Governor George Anthony grasshoppers received correspondence

Governor George Anthony grasshoppers received correspondence
Creator: Kansas. Governor (1877-1879: Anthony)
Date: 1877
Governor George Anthony compiled this series of correspondence on grasshoppers from letters received while in office from 1877-1879. A complete transcription is available by clicking "Text Version" below.


Governor George Anthony immigration received correspondence

Governor George Anthony immigration received correspondence
Creator: Kansas. Governor (1877-1879: Anthony)
Date: 1877-1878
Governor George Anthony compiled this series of correspondence on immigration from letters received while in office.


Hard Rope, Osage Indian Chief

Hard Rope, Osage Indian Chief
Creator: Concannon, Thomas M.
Date: 1877
This is a portrait of Hard Rope, or Wa-He-Sa-Ki, a prominent Osage tribal leader.


History of Woodson County

History of Woodson County
Creator: Jones, Mrs. S.E. Chase
Date: 1877
A history of Woodson County, Kansas, written by Mrs. S.E. Chase Jones.


Ho! For the new Kansas!  The Upper Arkansas Valley

Ho! For the new Kansas! The Upper Arkansas Valley
Creator: Atchison, Topeka, and Santa Fe Railway Company
Date: July 1877
This large circular published by the Atchison, Topeka and Santa Fe Railroad lists many reasons for immigrating to the Upper Arkansas Valley in Kansas. It describes in detail the process for acquiring land. On the reverse side is a detailed map of Kansas showing the Atchison, Topeka and Santa Fe Railroad line with information regarding soil, climate, livestock, crops, fruit, schools, and price of land.


Isaac Tichenor Goodnow diary

Isaac Tichenor Goodnow diary
Creator: Goodnow, Isaac T. (Isaac Tichenor), 1814-1894
Date: 1877
Diary belonging to Isaac Goodnow, a free-state supporter and the founder of Bluemont College (predecessor to Kansas State University) in Manhattan, Kansas Territory. Although many of the entries are somewhat mundane, dealing with weather, illness, neighbors, etc., others describe political and military activities in Kansas, as well as the land speculation. Goodnow's diary makes mention of the details of his daily life and community activities, such as home maintenance and crop harvests.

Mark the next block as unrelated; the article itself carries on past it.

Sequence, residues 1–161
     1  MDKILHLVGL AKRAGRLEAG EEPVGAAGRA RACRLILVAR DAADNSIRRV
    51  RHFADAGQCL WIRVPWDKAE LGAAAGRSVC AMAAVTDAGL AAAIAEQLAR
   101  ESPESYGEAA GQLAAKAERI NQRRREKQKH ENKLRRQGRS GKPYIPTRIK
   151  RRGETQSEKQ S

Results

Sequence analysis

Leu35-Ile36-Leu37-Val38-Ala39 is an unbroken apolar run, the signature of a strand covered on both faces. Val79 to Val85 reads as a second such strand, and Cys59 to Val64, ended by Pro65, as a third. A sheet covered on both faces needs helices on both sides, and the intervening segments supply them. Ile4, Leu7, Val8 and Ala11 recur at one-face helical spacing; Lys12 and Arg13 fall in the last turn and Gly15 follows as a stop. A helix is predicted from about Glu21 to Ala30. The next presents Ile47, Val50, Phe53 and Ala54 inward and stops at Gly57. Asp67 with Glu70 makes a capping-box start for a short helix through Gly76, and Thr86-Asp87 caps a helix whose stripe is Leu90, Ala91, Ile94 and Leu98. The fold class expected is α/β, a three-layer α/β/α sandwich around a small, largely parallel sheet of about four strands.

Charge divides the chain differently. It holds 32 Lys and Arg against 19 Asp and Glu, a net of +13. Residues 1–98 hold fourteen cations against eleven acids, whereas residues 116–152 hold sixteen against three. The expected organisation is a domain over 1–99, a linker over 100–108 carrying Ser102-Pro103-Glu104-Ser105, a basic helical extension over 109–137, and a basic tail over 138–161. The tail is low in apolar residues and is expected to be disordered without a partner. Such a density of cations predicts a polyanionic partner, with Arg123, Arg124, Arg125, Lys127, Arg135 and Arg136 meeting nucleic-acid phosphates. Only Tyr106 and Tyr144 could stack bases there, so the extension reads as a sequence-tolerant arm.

Jackson County, Kansas

Jackson County, Kansas
Creator: Rand, McNally & Co.
Date: 1878
This map, from the Kansas State Board of Agriculture's First Biennial Report, shows the townships and towns in Jackson County, Kansas. Some points of interest include: schools, creeks and the Kansas Central Railway Company.


James G. Blunt to the Secretary of the Historical Society of the State of Kansas

James G. Blunt to the Secretary of the Historical Society of the State of Kansas
Creator: Blunt, James G. (James Gillpatrick), 1826-1881
Date: October 12, 1877
This letter to the Secretary of the Historical Society, James G. Blunt is writing about several incidents in which he encountered John Brown. Blunt became acquainted with Brown in 1857, and in one particular meeting, Blunt writes about Brown's connection to the anti-slavery movement and his earnest and firm conviction to emancipate all slaves.


John Brown medal

John Brown medal
Creator: J. Wurden
Date: 1874
Gold medal showing a bust-length relief of John Brown on one side and an inscription in French on the reverse. The inscription translated reads, "In memory of John Brown, legally assassinated at Charlestown (sic), 2 December 1859, and to those of his sons and his companions, who died victims of their devotion to the cause of freedom for blacks." Members of the John Brown Association, a French abolitionist group, presented this medal to Mary Day Brown, the widow of John Brown, in 1877. Victor Hugo was a prominent member of this group and an outspoken supporter of Brown's activities. The Paris-based association explained its actions in a letter to the George Anthony, the Kansas governor, dated Feb. 2, 1878: "Just before the recent Franco-German war, a subscription committee was organized of French Republicans, for the purpose of presenting to the widow of John Brown a golden medal commemorative of the memory of her husband, of his sons, and of his companions, who died victims to their devotion to the cause of freeing the Blacks. The sending of this medal, delayed by political events, was effected on the 21st of October, 1874." The descendants of John Brown, represented by his son John Brown, Jr., donated the medal to the Kansas Historical Society in 1888.